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What Is Qi (气)?

What is Qi (气)?

What is qi (气)? Literally, it means air. It also means breath, not the act of breathing (呼吸), the breath itself. But that’s not quite accurate either. Qi is pervasive. Every living thing and some that once were living and others that never lived have qi.

Some would call qi energy – it’s not a tangible thing, so that makes it ‘energy.’ But in traditional teaching, jing (精) is energy. Qi is found through the breath and breathing; jing is found through the mind and thought. They are intrinsically linked and fundamentally distinct.

We all have our own qi. We can see it in part as the feeling we have when someone familiar walks into the room. We know that person. And when we meet someone for the first time, we always get a sense of who that person is – whether we recognize it or not. We sense their qi. Animals and plants have their own qi, too. But most of the time, we don’t pay attention.

A place may have a certain qi that other places don’t have. We read about this sort of thing in connection with places like Stonehenge and others. Have you ever walked into a place you’d never been before and found it somehow familiar? Or been somewhere that you wanted to stay because you felt so comfortable? Native Americans have considerable teachings on this idea – that a place may have a certain energy or feeling that is difficult to explain. This is also the concept of qi.

Beyond the definition of the concept and being able to see an example of it, is the need to develop it. This development is an important part of internal work. To practice well, the inner and outer connections must be established and cultivated. “qi” is one of the inner connections.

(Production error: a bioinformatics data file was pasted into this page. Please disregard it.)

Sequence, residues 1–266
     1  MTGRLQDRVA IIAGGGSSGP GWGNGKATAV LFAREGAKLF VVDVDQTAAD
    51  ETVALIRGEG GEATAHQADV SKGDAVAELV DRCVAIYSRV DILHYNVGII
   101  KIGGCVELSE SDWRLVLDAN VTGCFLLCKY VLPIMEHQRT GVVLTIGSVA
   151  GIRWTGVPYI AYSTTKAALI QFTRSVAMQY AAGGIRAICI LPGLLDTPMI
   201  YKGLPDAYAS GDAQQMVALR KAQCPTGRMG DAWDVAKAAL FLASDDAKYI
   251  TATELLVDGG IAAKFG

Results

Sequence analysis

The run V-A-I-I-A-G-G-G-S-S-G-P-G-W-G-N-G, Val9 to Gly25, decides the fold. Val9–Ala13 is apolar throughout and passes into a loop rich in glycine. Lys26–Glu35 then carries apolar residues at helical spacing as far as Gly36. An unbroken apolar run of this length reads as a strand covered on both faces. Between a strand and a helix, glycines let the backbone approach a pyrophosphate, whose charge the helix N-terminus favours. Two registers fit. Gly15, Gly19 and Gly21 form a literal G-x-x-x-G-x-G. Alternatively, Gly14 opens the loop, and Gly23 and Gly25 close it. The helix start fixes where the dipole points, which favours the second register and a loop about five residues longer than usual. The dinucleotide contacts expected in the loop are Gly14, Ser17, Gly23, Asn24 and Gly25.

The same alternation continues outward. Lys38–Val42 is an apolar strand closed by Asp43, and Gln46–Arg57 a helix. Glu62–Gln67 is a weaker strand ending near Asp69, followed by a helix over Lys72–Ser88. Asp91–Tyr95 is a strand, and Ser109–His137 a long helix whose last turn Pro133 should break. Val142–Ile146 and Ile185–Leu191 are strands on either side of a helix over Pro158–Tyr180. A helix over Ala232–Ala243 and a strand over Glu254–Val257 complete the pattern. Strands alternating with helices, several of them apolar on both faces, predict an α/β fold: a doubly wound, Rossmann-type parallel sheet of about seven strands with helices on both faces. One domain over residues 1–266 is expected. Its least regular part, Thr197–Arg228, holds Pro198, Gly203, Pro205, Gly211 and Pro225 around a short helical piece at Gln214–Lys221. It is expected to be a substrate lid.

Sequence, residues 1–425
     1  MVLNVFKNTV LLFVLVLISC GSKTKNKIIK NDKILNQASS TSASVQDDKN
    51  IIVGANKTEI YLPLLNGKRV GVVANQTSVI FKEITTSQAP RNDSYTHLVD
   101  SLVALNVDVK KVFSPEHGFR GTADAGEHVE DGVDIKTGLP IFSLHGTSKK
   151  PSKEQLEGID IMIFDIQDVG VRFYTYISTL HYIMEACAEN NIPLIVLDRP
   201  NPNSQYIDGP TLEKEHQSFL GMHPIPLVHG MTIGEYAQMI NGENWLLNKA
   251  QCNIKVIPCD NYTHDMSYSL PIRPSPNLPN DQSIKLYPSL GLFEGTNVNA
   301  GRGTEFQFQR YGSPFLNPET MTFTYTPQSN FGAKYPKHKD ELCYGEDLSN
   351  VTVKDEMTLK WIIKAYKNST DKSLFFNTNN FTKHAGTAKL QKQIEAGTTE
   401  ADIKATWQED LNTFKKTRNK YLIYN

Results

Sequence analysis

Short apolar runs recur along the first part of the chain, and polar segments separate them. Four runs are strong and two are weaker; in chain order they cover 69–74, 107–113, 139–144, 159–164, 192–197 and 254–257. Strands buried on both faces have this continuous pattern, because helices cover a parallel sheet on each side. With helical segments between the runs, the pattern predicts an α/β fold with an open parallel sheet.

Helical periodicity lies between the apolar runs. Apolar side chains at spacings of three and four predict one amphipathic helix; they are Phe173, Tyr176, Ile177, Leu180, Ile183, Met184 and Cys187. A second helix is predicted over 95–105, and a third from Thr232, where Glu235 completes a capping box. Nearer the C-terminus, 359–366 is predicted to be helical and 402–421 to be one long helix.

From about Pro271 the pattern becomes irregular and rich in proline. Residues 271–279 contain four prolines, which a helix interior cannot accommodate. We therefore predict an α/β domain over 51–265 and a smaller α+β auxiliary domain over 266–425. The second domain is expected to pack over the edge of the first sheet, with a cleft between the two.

心与意 heart with the mind
意与神 mind with the spirit
神与精 spirit with the energy

气与呼吸 qi with the breathing

As Wang Zongyue taught:

以气运身,务令顺遂,  乃能便利从心。

With heart qi, the order is calm, it can be received and converge into the bones.
With qi circulating through the body, the order is smooth, and benefits come from the heart.

In practice over time, the qi becomes pervasive and strong. The meaning of taking a deep breath changes. The fullness of breathing, using the whole body in a relaxed and complete breath, becomes normal, not something that has to be worked at. Then, the qi can flow through the whole body. When we are tense or nervous or out of sorts, the qi cannot flow smoothly.

The state that is most conductive to practice is peaceful and quiet. In that calm, there is much that can be learned.

We each have the capacity to develop full breathing and strong qi. By relaxing and physically controlling our breathing, we can bring the physical body into a more relaxed state. By concentrating on breathing, the distractions and disturbances in the mind begin to dissipate, and the heart becomes calm.

Terri Morgan

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